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Ash dieback: Insect threat to fungus-resistant trees

Ash trees which can resist the killer dieback fungus may be more vulnerable to attacks by insects, says University of Warwick researcher.


Deadly sleeping sickness set to be eliminated in six years

Gambian sleeping sickness – a deadly parasitic disease spread by tsetse flies - could be eliminated in six years in key regions in the Democratic Republic of Congo (DRC), according to new research by the University of Warwick.


Christmas dinner saved! Sprouts gain natural disease defence

Brussels sprouts will remain safely in our Christmas dinners, thanks to University of Warwick research giving them natural defences against devastating crop diseases.


Warwick and Waitrose tackle global food security together

Food security is at the heart of a new doctoral training collaboration between the University of Warwick and Waitrose, thanks to an award from the Biotechnology and Biological Sciences Research Council (BBSRC).


Nobel Prize Winner opens Warwick Medical School building

Nobel Prize winner Dr Randy Schekman has given the keynote speech at the opening of the latest addition to Warwick Medical School, University of Warwick.


Next steps towards preventing cancer and Alzheimer’s

A new generation of drugs that prevent cancer and Alzheimer’s could be developed, thanks to research from the University of Warwick.


Plants remember stress to help protect themselves

A new generation of plants better adapted to mitigate the effects of environmental change could be created following a fundamental step towards understanding how plants are able to retain a memory of stress exposure.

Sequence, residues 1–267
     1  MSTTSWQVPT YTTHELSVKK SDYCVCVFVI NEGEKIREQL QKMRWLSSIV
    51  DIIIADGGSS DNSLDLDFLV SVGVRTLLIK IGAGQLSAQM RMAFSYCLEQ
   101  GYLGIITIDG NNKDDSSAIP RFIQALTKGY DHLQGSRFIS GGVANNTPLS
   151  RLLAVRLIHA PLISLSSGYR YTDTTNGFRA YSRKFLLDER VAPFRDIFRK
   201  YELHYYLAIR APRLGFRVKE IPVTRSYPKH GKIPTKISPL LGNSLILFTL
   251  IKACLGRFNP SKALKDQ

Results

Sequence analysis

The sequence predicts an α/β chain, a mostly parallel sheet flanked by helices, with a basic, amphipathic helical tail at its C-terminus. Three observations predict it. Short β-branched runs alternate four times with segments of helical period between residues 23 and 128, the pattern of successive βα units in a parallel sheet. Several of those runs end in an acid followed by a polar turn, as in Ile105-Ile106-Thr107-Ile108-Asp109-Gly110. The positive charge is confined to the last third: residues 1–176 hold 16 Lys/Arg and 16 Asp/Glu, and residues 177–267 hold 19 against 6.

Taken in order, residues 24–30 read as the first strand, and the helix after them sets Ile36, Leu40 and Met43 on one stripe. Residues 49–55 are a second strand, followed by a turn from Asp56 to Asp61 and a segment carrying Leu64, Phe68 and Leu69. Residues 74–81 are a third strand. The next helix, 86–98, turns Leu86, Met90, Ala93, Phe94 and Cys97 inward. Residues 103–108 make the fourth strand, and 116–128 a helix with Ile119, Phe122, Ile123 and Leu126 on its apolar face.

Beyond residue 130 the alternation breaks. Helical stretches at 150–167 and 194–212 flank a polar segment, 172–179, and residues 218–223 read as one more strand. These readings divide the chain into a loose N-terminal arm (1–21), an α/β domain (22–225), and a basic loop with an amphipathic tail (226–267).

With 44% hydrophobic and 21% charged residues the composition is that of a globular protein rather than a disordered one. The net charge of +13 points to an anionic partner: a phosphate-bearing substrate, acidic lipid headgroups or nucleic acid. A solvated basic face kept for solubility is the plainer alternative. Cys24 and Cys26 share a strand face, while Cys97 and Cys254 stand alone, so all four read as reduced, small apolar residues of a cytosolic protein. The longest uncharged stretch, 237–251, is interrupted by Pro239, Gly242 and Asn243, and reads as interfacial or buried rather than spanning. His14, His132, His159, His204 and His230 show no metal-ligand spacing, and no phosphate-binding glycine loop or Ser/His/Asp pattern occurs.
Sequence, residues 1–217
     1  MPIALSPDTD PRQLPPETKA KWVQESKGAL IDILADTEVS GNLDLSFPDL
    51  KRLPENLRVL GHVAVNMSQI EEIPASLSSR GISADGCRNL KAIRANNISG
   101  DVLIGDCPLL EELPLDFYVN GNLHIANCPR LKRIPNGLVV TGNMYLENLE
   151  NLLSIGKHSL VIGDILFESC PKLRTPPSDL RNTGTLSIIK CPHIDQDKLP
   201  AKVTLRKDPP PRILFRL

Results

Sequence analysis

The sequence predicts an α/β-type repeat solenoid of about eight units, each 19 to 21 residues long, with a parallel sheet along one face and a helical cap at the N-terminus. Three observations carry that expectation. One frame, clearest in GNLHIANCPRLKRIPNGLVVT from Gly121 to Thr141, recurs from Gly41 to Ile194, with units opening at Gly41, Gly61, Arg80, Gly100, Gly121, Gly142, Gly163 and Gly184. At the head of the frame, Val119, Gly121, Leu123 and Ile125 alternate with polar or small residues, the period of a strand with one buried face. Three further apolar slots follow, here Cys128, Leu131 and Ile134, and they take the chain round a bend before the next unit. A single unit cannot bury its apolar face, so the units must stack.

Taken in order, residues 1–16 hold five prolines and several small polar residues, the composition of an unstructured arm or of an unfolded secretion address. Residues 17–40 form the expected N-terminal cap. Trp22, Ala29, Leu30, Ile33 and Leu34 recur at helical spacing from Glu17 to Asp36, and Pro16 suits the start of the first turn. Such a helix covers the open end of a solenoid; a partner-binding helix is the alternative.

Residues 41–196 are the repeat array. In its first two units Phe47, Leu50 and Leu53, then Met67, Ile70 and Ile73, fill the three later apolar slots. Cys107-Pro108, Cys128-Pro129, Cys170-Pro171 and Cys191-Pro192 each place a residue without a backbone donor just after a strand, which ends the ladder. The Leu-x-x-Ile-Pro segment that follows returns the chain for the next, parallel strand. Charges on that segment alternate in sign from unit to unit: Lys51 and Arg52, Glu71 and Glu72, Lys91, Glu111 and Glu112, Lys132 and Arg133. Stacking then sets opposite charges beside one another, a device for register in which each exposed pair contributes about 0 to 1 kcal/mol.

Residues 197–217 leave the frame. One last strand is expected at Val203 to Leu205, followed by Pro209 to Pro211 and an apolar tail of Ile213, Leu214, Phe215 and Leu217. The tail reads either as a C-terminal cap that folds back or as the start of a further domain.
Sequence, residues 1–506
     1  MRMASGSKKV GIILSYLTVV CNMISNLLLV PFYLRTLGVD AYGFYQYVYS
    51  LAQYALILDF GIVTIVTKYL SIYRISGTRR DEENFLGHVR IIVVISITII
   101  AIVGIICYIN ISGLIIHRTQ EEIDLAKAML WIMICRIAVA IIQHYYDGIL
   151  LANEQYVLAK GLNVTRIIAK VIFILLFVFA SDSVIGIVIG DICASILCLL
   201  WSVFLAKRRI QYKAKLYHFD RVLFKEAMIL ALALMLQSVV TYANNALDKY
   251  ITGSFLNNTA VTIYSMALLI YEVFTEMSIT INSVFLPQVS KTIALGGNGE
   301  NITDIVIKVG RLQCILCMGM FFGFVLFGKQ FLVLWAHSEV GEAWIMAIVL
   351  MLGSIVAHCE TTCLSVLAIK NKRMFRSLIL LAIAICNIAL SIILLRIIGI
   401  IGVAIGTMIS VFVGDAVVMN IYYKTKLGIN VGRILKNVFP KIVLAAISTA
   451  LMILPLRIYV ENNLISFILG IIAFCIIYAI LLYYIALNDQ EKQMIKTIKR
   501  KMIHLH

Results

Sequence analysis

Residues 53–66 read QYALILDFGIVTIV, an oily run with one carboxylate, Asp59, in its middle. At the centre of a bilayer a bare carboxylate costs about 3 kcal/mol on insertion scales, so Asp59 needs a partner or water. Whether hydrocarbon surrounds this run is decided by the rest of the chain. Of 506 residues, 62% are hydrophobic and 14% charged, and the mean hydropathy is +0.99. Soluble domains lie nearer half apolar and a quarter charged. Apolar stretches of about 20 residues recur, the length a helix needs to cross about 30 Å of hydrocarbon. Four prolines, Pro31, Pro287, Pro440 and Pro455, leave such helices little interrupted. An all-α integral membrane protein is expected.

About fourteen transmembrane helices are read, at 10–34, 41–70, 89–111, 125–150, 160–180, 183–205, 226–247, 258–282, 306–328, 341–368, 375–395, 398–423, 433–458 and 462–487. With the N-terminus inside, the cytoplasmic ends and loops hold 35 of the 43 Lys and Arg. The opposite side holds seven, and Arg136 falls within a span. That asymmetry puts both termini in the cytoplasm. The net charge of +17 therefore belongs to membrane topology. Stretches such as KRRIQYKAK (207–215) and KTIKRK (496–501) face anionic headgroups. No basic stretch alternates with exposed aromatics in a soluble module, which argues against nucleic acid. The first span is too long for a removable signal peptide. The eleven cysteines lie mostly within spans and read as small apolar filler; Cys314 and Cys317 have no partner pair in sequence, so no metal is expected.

Tue 31 May 2016, 16:10 | Tags: Life Sciences, School of Life Sciences, Science, Environment

Fruit discovery could provide new treatments for obesity, type 2 diabetes and cardiovascular disease

A combination of two compounds found in red grapes and oranges could be used to improve the health of people with diabetes, and reduce cases of obesity and heart disease.

The find has been made by University of Warwick researchers who now hope that their discovery will be developed to provide a treatment for patients.


Plants use a molecular clock to predict when they’ll be infected

Plants are able to predict when infections are more likely to occur and regulate their immune response accordingly, new research has found.

Led by the University of Warwick, the researchers discovered that a plants’ molecular clock is connected to their immune system to increase levels of resistance to infection at dawn – the time at which fungal infections appear most likely to occur, with plants unable to maintain the highest level of resistance at all times of day.

Wed 16 December 2015, 14:44 | Tags: Sciences, University of Warwick, School of Life Sciences

Bacteria cells group together in communities and use electrical signalling to survive

Groups of bacteria use electrical signalling to communicate, new research published in the journal Nature has found.

The electro-communication mechanism was found to be surprisingly similar to action potential mechanism in neurons found in animal brains and central nervous systems.

Tue 24 November 2015, 14:00 | Tags: Sciences, University of Warwick, School of Life Sciences, Research